|You get what you pay for|
The same concept applies in fundraising. It takes money to make money and if you don't invest in it, you wont be successful. If your business model relies on fundraising, and you are not heavily investing in fundraising, it's unlikely you'll survive. You may die a long, slow painful death, but you're still toast. You will probably last longer than a badly run for-profit business because you are a nonprofit after all, and people will feel sorry for you and give you a pittance here and there which will only prolong the agony. You will probably still do some good along the way, so there's that.
The need to invest in fundraising is integral from the start. If I wanted to start a new nonprofit* the first thing I would do is find donations. Say I convinced 10 donors to give me $10,000 each. I now have $100,000 which is a nice, healthy sum for a start up social services nonprofit. If I were a business, I would invest this money in strengthening my capacity and sustainability. Probably none of my investors would expect me to be cranking out products and services yet. But since I am a nonprofit, chances are that my donors want their investments to "go straight towards program" immediately. This is really the crux of the problem: the inability to consider fundraising, or other capacity building costs, as integral parts of the program or cause. Say that all of my 10 donors refuse to allow any of their gifts to go towards fundraising. This means that I and my new nonprofit are done. We are not even going to die a long, slow painful death - we're not making payroll, our creditors are suing, and it is over.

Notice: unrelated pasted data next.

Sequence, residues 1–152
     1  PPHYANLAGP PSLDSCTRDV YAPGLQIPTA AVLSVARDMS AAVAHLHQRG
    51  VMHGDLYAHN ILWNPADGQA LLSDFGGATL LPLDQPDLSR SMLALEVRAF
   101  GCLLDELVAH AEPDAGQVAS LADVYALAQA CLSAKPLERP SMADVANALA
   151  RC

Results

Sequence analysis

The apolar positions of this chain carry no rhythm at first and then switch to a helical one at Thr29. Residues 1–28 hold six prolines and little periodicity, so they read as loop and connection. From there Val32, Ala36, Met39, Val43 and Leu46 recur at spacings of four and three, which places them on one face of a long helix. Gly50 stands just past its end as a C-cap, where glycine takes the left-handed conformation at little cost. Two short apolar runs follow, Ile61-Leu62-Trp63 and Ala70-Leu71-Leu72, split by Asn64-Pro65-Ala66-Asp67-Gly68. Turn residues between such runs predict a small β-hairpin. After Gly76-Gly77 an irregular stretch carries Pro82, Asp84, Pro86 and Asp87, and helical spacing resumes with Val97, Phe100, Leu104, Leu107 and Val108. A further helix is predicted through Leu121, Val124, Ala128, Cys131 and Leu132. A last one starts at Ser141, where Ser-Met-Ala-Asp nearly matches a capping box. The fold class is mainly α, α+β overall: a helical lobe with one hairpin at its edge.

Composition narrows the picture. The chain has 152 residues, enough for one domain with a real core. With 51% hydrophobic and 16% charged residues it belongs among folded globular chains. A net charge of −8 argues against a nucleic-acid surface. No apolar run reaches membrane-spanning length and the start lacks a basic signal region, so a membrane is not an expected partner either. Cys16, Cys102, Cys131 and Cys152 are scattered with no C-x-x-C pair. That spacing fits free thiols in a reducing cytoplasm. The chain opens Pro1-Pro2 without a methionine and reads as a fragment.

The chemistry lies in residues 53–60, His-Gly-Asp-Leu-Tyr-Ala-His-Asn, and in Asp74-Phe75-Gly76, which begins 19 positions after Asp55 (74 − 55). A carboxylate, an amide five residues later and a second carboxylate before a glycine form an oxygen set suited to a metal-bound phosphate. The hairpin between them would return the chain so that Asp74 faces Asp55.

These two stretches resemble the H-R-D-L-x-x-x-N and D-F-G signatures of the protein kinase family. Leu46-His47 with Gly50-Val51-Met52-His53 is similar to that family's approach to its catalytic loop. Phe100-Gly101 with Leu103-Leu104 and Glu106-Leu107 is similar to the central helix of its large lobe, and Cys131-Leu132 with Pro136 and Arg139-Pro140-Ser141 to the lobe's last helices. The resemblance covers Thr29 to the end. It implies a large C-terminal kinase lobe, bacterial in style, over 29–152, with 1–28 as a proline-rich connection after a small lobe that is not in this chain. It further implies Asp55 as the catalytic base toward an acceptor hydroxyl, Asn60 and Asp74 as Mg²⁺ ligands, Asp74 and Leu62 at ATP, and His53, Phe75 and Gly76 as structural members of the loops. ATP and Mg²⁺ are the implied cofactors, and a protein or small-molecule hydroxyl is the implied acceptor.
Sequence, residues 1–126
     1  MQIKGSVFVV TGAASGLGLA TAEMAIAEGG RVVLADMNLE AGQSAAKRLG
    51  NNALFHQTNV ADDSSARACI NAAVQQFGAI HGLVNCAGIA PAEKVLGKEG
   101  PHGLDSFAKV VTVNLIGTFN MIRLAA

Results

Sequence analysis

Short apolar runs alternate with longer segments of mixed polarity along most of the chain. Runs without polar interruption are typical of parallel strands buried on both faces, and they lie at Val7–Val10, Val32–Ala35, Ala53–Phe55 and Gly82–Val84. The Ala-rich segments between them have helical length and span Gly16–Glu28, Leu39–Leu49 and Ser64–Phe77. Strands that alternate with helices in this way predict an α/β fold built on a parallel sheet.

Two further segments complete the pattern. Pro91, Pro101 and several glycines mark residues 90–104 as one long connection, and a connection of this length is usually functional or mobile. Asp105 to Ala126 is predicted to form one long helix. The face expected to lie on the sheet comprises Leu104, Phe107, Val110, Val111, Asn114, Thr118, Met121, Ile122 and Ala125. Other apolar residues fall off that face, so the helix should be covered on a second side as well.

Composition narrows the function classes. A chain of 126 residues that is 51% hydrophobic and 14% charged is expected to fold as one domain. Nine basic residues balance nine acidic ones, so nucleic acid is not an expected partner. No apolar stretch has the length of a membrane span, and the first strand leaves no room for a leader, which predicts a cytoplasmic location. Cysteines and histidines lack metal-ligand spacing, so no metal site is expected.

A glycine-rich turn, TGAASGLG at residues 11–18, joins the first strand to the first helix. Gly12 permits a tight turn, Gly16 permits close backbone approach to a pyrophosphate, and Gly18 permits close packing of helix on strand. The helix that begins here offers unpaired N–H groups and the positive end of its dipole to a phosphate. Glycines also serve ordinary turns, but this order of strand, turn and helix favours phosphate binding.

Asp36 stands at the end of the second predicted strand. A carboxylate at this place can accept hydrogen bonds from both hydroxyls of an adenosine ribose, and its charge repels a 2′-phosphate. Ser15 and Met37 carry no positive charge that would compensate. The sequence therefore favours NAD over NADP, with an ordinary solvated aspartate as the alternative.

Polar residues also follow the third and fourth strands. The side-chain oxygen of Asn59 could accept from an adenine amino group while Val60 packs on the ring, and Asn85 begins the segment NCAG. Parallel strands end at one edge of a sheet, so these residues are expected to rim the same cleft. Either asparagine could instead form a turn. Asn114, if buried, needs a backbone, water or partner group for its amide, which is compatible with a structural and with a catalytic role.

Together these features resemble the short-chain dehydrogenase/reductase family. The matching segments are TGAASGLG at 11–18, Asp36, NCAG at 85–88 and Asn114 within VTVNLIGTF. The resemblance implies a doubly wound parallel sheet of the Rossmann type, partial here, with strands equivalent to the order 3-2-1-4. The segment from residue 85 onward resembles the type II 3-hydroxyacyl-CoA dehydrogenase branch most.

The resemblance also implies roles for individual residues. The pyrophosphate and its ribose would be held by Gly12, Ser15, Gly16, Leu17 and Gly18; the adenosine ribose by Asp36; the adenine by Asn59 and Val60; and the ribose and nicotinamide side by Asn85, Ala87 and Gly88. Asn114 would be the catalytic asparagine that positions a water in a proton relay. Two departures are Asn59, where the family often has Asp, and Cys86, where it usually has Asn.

But what if we had invested 50%, 60%, 70% or even more of that $100,000 in fundraising? We could have doubled, tripled or quadrupled that initial investment. Sure, this means that our overhead percentages would be higher than we've been trained** to believe is acceptable, especially in the beginning, but it also means we will not fall prey to the deadly Nonprofit Starvation Cycle. We might have a chance to go on to improve programs and outcomes to the point that we start to solve complex, social problems. Imagine that.
If you find this subject as frustrating and fascinating as I do, the Nonprofit Council's Nonprofit Defense Committee is hosting a breakfast event featuring special guests from the national nonprofit "watch-dog" organizations Charity Navigator and Guidestar. These guests will describe how they came to write an open letter to the donors of America, and what the next steps are to change the conversation in the sector to one where we are honest, open, realistic and effective around the true costs of marketing and fundraising.
video and read this report. I include the graph to the right to further make the point that when you invest in fundraising, you raise more funds, but you spend a lot on fundraising and this makes people uncomfortable. This graph shows how much money WWP invested in fundraising and how much revenue they were able to generate as a result of that investment - in comparison to other veteran's charities. WWP was able to raise a lot more money and serve a lot more veterans, but sadly, if we don't change the conversation, they will not be able to continue or replicate this kind of success again, and the rest of us will also still be up a creek.
Come to the breakfast this Friday and find out how you can help change the conversation and change the world.
*I would never start a new nonprofit because no matter what cause I chose, there would already be a nonprofit out there that could use my help.